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Remote oil cooler for heavy towing in high heat?

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Remote oil cooler for heavy towing in high heat?

  #1  
Old 04-04-2018, 10:27 AM
Mike in Arizona
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Remote oil cooler for heavy towing in high heat?

The purpose of my 2004 ford F350 is towing, mostly around Arizona (where I live) and a good part of it is going to be over 100 degrees ambient temperature, with summertime anywhere from 105 degrees to 115 degrees. I'll be towing a minimum of 7,000 lbs when I tow. That's on the low side.

Would I be better off just preemptively upgrading my truck to a heavy duty cold air exchange oil filter?

Any recommendations for doing this without breaking the bank? (like a great kit that is proven but not over-priced)

Thanks!
 
  #2  
Old 04-04-2018, 12:03 PM
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Verify your current oil cooler's operation: drive on highway (level ground, NOT towing) and observe your oil and coolant temps, about 15-20 minutes is required to get them to their max values.
You should see coolant about 190 (bad t-stats show up at < 180)
the Oil temp OVER 15 degress HIGHER than coolant is a sign of a partially clogged oil cooler.

Rather than spend money - unnecessarily, why not see what happens towing first - IF your oil cooler is ok..
IF you have an EGR cooler - the partially clogged oil cooler restricts coolant flow and "can" eventually cause EGR cooler leaks, leading to hydro-locking and possible internal engine damage.
But, high temps - in and of themselves - aren't "bad" under heavy load.
The plastic parts inside the oil filter housing start to melt above a certain temp (230-240-ish I think) so you sure don't want to get that high..

The BPD condenser mount remote oil cooler works terrific on my Excursion, however, in "cold" weather I have to run a winter cover otherwise my coolant/oil temps are in the mid 170s.
I didn't think to get the t-stat option 6 years ago - when I lived in Orlando and had it installed ... :-)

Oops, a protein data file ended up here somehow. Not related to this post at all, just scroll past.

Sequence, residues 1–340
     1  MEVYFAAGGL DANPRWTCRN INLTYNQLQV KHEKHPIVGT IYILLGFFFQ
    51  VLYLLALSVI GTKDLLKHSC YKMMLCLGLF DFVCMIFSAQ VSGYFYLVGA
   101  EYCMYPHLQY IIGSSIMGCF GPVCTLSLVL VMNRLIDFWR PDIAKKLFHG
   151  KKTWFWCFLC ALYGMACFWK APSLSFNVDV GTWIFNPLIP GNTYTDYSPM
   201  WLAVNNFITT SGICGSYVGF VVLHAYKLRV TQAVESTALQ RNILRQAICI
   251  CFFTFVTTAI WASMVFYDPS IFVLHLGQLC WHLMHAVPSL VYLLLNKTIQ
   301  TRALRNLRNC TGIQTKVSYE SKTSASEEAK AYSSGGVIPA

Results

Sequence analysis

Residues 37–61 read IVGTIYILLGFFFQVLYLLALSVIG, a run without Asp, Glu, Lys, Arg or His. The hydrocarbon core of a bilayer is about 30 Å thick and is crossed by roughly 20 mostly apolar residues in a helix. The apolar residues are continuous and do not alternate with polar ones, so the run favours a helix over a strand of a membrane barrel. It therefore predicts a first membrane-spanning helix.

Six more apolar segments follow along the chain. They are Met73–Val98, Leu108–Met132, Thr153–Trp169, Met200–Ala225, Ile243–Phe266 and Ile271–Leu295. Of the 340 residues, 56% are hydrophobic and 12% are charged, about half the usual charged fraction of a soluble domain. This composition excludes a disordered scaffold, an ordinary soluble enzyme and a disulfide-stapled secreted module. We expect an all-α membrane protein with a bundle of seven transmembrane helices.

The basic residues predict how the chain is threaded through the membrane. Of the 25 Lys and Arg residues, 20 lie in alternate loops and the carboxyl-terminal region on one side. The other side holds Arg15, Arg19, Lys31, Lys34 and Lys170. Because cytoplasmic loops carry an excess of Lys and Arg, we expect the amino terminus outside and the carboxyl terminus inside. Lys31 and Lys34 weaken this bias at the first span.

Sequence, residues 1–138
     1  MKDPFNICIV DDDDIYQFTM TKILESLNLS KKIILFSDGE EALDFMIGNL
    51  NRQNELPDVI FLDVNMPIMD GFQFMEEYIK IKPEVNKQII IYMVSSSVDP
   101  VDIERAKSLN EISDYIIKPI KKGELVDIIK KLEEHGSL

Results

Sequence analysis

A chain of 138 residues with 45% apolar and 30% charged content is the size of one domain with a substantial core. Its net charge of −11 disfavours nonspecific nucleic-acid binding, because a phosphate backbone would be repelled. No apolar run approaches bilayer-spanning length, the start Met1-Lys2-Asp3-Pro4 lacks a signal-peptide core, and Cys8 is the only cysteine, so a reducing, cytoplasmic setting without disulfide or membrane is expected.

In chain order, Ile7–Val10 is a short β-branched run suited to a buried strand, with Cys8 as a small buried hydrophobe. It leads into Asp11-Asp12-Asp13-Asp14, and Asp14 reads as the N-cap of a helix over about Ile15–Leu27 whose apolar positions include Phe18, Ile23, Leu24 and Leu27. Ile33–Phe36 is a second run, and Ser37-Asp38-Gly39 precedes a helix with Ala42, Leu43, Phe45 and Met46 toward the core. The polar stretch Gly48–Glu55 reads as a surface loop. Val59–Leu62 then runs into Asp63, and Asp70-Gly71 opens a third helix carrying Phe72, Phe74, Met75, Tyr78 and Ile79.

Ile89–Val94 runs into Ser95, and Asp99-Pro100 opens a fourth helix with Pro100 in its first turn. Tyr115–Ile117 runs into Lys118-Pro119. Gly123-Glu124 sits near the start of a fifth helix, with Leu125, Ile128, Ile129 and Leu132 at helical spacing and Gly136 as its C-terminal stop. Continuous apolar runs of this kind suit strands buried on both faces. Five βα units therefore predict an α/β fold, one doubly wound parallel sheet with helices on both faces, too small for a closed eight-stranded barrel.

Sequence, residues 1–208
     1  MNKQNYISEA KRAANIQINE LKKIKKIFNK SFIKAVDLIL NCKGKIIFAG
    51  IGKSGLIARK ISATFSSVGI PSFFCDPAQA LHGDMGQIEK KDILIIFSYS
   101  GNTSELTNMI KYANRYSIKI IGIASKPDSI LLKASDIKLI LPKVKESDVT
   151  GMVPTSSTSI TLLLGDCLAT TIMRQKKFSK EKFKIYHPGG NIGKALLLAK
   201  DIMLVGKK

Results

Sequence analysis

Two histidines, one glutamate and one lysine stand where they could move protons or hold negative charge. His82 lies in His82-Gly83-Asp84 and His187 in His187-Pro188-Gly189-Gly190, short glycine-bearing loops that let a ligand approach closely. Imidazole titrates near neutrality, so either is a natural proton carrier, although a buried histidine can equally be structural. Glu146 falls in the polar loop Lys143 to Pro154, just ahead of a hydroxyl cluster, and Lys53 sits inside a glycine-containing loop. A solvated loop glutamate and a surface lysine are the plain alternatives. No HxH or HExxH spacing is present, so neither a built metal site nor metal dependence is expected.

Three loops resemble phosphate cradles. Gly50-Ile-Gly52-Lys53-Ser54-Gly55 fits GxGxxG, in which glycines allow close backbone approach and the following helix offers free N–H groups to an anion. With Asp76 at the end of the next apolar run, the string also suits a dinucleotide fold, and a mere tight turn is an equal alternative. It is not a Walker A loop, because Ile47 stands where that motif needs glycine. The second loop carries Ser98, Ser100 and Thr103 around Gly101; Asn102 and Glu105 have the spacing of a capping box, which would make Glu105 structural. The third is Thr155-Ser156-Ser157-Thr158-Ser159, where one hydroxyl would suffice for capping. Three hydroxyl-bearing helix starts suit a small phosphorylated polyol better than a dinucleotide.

#3  
Old 04-04-2018, 12:15 PM
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Originally Posted by Misky6.0 View Post
Verify your current oil cooler's operation: drive on highway (level ground, NOT towing) and observe your oil and coolant temps, about 15-20 minutes is required to get them to their max values.
You should see coolant about 190 (bad t-stats show up at < 180)
the Oil temp OVER 15 degress HIGHER than coolant is a sign of a partially clogged oil cooler.

Rather than spend money - unnecessarily, why not see what happens towing first - IF your oil cooler is ok..
IF you have an EGR cooler - the partially clogged oil cooler restricts coolant flow and "can" eventually cause EGR cooler leaks, leading to hydro-locking and possible internal engine damage.
But, high temps - in and of themselves - aren't "bad" under heavy load.
The plastic parts inside the oil filter housing start to melt above a certain temp (230-240-ish I think) so you sure don't want to get that high..

The BPD condenser mount remote oil cooler works terrific on my Excursion, however, in "cold" weather I have to run a winter cover otherwise my coolant/oil temps are in the mid 170s.
I didn't think to get the t-stat option 6 years ago - when I lived in Orlando and had it installed ... :-)
im wish misky here... try towing with it first since you just got the truck... if you start noticing a problem with the heat building up then do the conversion since youll be tearing down to it anyways... BPD is the only external oil cooler out there and its not cheap... but after 3 years ill say its very efficient...

Misky you can upgrade your system to include the T-stat... they sell the conversion on the site. I opted for the 180* stat for mine because we are usually pretty close to triple digits every summer. but the winters still get near and below freezing.
 
  #4  
Old 04-04-2018, 01:00 PM
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Originally Posted by Mike in Arizona View Post
Would I be better off just preemptively upgrading my truck to a heavy duty cold air exchange oil filter?
Originally Posted by Sparky83 View Post
BPD is the only external oil cooler out there and its not cheap...
Just as a complete off-topic, when I read REMOTE oil cooler in the thread title I immediately thought of IPR's solution to repeat oil cooler clogging via an externally mounted 6.7L oil cooler. It's a cool setup, but if you're dropping $1200 I'd try to scrape up a few hundred more for the BPD kit.
https://www.iprresearch.com/IPR-Exte...werstroke.html

I'd also tow with what you have first, there might be no need to change it out anyways.

Several guys have built their own versions, a lot cheaper than buying a kit in terms of initial cost, but you have to do a lot more work to get it right. Time/cash trade off: